Bearded men in miniature

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The impetus behind these drawings was an upcoming miniature exhibition. The title is “Yesterday, Today and Tomorrow” and it will be held in Juniper Hall, a beautiful historic house on Oxford Street in the centre of Sydney. Oxford Street and Paddington in general is an area where the young men you see are frequently beautifully turned out, with immaculate, chiselled beards. When I started thinking about subject matter, I realised that if they were simply reclothed in the outfits of a bygone era, they could easily travel back in time a hundred years and no-one would bat an eyelid, yet still be part of today, and even tomorrow.

The more references I found, the more fun it became – I did large, loose drawings, not trying to be too literal, then scaled them down and redrew them till I was satisfied with the character that emerged. Only one is intended to represent a real person and that is the one at top right (above), who is based on an old photo of Ned Kelly, one of Australia’s most notorious bushrangers.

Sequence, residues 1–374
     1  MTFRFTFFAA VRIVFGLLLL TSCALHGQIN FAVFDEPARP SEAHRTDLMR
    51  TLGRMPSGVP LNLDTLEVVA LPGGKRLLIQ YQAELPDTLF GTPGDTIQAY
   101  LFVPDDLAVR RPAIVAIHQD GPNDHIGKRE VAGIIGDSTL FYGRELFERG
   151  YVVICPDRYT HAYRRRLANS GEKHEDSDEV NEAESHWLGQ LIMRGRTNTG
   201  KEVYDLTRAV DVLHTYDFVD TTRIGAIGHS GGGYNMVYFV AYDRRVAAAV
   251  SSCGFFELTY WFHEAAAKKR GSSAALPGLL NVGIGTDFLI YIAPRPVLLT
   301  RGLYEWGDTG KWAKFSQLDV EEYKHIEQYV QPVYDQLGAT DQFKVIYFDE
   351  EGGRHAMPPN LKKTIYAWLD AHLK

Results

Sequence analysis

Three of them will be framed and submitted for the exhibition – in the main image, the top left (1916), bottom left (2016) and probably the top middle for 2116, but I’m not quite sure about that yet. I thought about adding colour, but in the end have pretty much decided to leave them black and white … I think … (Click on the images below to see more detail.)

The next development of the idea is to draw them again very large, bigger than life size, with a lot of detail, and maybe let them develop into something more abstract.

I used a Pentel brush pen, with permanent ink, on drafting film. It glided on beautifully, very satisfying to use.

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18 thoughts on “Bearded men in miniature

  1. Ned Kelly certainly doesn’t look dangerous and he is the only one gazing back at the viewer. Isn’t it curious how the fashion for beards comes and goes. I think beards are supposed to go hand in hand with coffee-drinking and intellectualism.